In our small schools, we tend to very refined in our approach. Not for us the loss of temper, shouting at students, and so on. I can say for myself that, in my 25 years as a teacher, I can count on my fingers the number of times I have lost my temper and shouted. But I have a far more deadly weapon—the withdrawal of affection and warmth. Just a reproachful look is enough. It is both far more effective and far more cruel. I don’t even do it consciously and deliberately. But when a child behaves in ways that doesn’t meet my approval, my stream of warmth seems to dwindle or dry up. I am trying to be more conscious of this and the awful impact it has on vulnerable children. There is a tremendous responsibility here. I don’t think the answer lies in masking or projecting warmth where it doesn’t exist, but in a deeper looking at our judgments, expectations, and ways of gaining conformity.

We recently watched the old miniseries of Ingmar Bergman, Scenes from a Marriage. It is very insightful and thought provoking. I was struck by the honest lens that he uses to explore the concept of marriage as a social construct. The main female character has a reflective look at her own childhood and that of her partner and the impact of this. I watched the scenes a few times and shared it with my class children. It strongly touched upon the role of adults in conditioning children in a certain mould.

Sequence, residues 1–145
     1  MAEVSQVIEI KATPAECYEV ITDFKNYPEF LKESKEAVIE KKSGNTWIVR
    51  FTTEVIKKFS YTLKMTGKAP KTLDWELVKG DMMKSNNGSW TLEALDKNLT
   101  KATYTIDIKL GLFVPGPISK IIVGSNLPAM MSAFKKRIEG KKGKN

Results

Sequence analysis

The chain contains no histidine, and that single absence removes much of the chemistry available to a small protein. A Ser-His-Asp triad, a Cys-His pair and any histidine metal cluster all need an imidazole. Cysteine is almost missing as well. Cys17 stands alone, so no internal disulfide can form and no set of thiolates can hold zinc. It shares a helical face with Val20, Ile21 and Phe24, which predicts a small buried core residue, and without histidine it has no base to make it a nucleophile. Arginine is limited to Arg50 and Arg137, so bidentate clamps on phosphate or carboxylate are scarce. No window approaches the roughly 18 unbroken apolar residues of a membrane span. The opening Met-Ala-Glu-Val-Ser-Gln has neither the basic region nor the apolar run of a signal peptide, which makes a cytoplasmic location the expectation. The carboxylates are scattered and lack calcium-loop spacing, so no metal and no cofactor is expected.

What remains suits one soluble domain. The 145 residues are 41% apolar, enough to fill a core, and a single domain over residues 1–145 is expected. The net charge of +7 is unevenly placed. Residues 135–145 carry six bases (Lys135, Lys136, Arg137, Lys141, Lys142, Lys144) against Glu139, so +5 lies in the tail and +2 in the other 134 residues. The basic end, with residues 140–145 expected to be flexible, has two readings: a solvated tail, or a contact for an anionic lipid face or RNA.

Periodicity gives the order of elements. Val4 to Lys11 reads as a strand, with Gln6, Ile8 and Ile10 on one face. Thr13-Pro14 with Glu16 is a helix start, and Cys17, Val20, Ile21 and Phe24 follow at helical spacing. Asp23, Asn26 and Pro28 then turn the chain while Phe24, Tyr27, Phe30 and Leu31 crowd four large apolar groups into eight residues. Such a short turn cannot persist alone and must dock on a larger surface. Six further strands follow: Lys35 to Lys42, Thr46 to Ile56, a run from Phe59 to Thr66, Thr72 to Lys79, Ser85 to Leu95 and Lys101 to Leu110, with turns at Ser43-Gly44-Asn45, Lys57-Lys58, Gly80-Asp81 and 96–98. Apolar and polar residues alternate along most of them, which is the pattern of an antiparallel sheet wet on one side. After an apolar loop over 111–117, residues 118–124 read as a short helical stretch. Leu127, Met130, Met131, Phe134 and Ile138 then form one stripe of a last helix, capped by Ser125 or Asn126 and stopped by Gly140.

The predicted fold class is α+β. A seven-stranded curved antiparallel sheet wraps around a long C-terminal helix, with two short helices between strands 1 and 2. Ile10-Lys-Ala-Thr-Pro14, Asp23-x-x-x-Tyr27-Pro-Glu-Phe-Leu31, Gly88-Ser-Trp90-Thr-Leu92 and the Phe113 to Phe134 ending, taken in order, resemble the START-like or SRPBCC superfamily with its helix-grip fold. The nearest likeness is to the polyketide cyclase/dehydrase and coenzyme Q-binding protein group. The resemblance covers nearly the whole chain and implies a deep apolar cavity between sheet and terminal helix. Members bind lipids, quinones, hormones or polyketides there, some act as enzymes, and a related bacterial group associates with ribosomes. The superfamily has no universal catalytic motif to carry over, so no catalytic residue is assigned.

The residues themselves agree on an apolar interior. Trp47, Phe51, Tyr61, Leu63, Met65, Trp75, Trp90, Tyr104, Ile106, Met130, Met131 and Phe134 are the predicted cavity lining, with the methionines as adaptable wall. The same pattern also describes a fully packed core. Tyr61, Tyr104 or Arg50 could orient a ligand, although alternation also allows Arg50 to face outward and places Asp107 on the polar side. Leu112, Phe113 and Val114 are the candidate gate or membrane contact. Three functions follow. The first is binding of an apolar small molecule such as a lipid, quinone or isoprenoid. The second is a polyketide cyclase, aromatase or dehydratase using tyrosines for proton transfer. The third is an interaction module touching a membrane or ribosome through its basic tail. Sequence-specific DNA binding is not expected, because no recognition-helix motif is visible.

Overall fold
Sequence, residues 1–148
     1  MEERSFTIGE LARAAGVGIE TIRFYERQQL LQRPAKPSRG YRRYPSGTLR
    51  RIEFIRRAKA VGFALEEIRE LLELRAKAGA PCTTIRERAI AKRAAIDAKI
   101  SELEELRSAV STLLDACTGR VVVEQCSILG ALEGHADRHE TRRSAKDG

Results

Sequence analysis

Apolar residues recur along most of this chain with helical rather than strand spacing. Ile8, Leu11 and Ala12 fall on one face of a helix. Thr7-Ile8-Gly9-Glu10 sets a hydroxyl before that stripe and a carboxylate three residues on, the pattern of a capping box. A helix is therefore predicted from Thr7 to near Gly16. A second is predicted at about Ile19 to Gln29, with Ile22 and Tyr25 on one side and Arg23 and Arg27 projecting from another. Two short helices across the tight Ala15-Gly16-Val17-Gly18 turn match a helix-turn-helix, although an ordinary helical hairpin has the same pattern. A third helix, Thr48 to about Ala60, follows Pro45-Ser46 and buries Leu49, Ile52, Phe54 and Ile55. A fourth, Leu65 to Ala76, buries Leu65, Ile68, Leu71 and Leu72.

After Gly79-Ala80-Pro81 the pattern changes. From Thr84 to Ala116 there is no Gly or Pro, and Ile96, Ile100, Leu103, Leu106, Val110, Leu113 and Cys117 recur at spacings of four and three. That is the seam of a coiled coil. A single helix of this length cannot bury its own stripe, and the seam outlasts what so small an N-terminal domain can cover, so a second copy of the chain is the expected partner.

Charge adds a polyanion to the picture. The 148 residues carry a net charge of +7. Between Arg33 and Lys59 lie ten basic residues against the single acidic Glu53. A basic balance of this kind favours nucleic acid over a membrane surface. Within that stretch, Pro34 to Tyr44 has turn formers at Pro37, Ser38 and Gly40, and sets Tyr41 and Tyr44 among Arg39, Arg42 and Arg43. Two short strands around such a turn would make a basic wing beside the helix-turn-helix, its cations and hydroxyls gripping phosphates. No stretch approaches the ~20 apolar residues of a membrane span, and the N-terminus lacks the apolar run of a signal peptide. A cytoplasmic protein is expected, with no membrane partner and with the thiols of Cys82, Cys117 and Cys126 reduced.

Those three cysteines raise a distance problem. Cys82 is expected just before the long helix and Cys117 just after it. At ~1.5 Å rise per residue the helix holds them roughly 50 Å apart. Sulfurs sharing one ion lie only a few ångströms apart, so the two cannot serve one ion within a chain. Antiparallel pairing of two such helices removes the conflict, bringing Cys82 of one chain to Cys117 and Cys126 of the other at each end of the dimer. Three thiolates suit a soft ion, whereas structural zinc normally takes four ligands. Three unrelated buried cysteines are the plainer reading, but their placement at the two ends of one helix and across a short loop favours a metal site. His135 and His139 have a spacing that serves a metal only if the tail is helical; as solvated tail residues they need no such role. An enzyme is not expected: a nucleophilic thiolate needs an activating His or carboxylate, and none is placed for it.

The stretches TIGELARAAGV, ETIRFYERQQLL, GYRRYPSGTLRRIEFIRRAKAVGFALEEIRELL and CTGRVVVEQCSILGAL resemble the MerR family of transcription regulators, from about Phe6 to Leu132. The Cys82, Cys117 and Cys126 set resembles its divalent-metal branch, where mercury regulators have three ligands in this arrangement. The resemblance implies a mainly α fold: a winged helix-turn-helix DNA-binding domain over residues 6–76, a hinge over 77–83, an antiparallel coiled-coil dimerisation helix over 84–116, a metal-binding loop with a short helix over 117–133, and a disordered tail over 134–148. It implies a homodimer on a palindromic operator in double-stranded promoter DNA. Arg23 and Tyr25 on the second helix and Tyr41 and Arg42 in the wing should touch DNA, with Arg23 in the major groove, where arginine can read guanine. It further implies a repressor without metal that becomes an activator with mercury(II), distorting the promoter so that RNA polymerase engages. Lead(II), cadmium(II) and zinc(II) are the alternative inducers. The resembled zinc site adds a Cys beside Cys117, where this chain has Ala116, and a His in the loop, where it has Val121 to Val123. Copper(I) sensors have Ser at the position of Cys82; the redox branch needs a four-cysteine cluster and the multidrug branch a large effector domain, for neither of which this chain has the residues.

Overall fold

I would like to end by posing a few questions in addition to the ones raised earlier.
1. How can we have a warm and caring relationship with students without fostering dependency?
2. How do we bring about a deep engagement without influencing our students’ own inner thought processes?
3. How can we foster the flowering of the inner being while unfolding the same for ourselves?
4. How can we validate and value each person for who they are while at the same time enabling the process of understanding and shedding conditioning?
5. How do we facilitate growth of resilience and emotional muscle from real life experiences without the students going through harmful or hurtful experiences?

My hope in sharing these reflections is the wish that it will lead to further engagement and dialogue.